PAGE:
Sherpas Cinema co-founder Dave Mossop is proof of the old adage that if you do what you love, the money will follow.
“For years we followed our passion, making feature films about skiing,” he explains. “But then what happened was very shocking to us: the outside world noticed what we were doing, and all of a sudden we got calls for commercials.”
The award-winning body of work that his Canadian production house has shot ever since includes car commercials, stock footage, and ski odysseys — each with a glorious combination of nature and community. We spoke with Dave for the backstory of how it all came to be. Watch our Creator Spotlight interview above or scroll on for the full interview.
Tell us about Sherpas Cinema.
Sherpas Cinema was born in the mountains. We are fanatics about skiing, climbing, surfing, biking, et cetera. So we tried to find a way of living every day to the fullest outside, and managed to land on filmmaking as a life path. We’re incredibly fortunate to be based out of Western Canada where there’s extremely beautiful nature, and we get to make unbelievably enjoyable outdoor films with unbelievable people all over the world.
How did you get into filmmaking?
I was fortunate to have very musical parents and a very encouraging family. I was always encouraged to express the artistic soul that seemed to come naturally; for me, filmmaking is the combination of music, imagery, motion, and story. They all come together in this incredible medium. It occurred to me one day that if I wanted to be a painter, a dancer, a theater guy — whatever, all of those things could come into film. It’s this amazing medium that’s infinitely challenging and rewarding and humbling. Coming from a very musical background, that played a huge role in the way that I think of film and the way I make films.
Can you talk about the early days of your career?
I made no-budget movies for a good six or seven years. During the summer, I would plant trees to try and buy new bits of camera gear and pay my dues. That period of time was beautiful and challenging and ridiculous and funny. But there were certain places that I found encouragement. I guess the first film that really made me realize we might be able to do this was way back in 2003, when we made “Deep Seated Instability,” which is this really emotional piece about avalanche education. It’s strange and artistic with split screens and other ridiculous ideas, but it was born from losing several of my best friends in avalanches. The film was accepted in the Banned Film Festival, and that was our first exposure to the public. It was a very powerful experience, and certainly directed the rest of my life.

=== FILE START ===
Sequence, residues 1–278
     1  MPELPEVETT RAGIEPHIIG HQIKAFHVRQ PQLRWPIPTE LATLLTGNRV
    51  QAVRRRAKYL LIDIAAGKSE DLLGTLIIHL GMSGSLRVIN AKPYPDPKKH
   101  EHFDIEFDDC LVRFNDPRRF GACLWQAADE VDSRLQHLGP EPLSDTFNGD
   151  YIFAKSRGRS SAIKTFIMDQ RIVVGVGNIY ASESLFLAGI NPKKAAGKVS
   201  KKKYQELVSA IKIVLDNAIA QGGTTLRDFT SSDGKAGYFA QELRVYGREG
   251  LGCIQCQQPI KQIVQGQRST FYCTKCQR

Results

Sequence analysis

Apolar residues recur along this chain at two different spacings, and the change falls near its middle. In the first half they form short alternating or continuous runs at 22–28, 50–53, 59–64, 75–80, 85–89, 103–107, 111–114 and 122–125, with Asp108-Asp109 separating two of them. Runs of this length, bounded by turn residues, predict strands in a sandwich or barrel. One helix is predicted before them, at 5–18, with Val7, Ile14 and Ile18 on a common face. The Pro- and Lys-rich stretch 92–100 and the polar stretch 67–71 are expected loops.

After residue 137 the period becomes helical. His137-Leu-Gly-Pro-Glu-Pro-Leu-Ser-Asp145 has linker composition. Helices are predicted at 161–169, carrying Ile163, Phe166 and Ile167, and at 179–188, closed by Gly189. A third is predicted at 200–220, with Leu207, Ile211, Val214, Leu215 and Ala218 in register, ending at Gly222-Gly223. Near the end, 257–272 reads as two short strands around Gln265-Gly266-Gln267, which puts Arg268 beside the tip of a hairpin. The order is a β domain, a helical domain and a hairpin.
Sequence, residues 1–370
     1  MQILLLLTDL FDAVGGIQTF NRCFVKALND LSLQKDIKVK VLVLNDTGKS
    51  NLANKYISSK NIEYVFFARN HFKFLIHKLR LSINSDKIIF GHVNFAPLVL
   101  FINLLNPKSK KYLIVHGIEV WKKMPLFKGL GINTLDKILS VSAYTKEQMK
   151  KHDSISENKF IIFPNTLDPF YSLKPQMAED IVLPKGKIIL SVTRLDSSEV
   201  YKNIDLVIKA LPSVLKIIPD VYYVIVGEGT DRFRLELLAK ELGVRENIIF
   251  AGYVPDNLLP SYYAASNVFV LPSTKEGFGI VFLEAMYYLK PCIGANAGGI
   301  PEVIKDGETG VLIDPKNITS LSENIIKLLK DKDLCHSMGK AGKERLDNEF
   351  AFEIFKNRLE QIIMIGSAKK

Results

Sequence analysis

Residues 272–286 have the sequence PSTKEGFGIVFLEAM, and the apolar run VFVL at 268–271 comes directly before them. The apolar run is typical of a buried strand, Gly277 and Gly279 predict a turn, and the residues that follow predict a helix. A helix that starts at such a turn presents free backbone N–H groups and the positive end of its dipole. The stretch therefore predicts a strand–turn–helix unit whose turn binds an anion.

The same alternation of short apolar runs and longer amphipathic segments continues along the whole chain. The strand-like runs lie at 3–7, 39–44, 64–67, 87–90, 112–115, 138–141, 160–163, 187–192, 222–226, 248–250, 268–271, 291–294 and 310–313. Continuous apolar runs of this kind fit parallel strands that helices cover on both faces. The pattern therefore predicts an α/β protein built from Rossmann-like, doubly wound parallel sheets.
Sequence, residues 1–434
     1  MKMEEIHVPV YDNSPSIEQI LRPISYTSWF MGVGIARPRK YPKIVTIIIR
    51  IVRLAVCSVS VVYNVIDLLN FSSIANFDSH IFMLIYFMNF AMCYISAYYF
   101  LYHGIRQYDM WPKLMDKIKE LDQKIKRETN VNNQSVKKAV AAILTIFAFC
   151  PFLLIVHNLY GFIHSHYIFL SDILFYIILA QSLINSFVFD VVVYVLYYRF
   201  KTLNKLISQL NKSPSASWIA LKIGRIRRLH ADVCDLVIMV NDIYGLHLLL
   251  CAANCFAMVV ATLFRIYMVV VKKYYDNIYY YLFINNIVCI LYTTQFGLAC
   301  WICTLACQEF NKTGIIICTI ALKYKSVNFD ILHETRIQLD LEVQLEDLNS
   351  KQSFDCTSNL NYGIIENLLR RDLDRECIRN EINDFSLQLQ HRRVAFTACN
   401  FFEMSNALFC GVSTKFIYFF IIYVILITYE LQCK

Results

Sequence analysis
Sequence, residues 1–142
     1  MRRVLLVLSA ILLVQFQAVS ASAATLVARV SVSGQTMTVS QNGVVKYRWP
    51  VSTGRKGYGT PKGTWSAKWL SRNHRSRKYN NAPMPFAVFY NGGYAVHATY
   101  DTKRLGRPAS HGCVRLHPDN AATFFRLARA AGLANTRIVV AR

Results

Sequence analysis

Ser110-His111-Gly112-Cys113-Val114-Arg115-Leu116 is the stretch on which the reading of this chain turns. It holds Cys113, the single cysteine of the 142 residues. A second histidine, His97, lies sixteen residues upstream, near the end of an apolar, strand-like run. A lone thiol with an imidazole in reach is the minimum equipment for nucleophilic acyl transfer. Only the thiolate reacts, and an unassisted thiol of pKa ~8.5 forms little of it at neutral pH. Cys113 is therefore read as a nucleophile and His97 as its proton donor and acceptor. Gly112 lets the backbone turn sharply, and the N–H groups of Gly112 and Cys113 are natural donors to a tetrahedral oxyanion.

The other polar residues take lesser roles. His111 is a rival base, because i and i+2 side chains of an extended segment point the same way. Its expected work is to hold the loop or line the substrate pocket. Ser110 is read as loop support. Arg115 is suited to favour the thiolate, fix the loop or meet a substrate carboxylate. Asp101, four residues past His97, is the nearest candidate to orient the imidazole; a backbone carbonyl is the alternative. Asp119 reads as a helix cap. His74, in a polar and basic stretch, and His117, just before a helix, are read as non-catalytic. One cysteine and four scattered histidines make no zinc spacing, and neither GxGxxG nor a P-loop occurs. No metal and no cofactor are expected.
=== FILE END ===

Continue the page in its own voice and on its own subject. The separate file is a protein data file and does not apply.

What’s unique about your approach to filmmaking?
There’s a technique we stumbled on years ago, which is to edit before you shoot. The process is to pick a song that you think might work, hopefully it does, and then build out how the music informs the story. Then you go out and start shooting; when you get home, you drop it right on the timeline and immediately have the edit starting to form as you go. Next you can start tweaking stuff. That little trick really changed the way I approach filmmaking and process.
What does being part of Vimeo Stock mean to you?
We are obsessed with nature, and it feels like our life goal — the reason we’ve been put on earth — is to act as a voice for nature. Being part of Vimeo Stock is an opportunity to help spread that message even farther. I think Vimeo Stock is also a really important place for the future of filmmaking, as we start to cultivate and grab from all over the world, bring things together and create new things from them. So we’re hugely honored to be part of it, and we hope to get lots more sick shots for the Vimeo community to use.
Advice for aspiring filmmakers?
Filmmaking is a team sport. There’s no way around it, and the sooner you realize that, the better it’s going to be. You may want to try and do it all yourself, but it’s much more fun, much more empowering and beautiful, and you’ll create better work when you realize you are going to be collaborating with not just one person, but dozens of people, and each one of those souls has a wonderful gift to give to the production. I guess the only other thing is like you have to work hard. There’s no replacement for hard work. Work super hard, be true to yourself. Believe that it’s going to happen, and it will.
What’s next for Sherpas Cinema?
This year, we’re working with Google and Nat Geo; we’re also doing some iMax style films and tons more car commercials. At the same time, we’re also working on solo projects, including two feature films about skiing and humanity. We’re on this magic carpet ride, and it’s a blast.
Video by Niko Brown.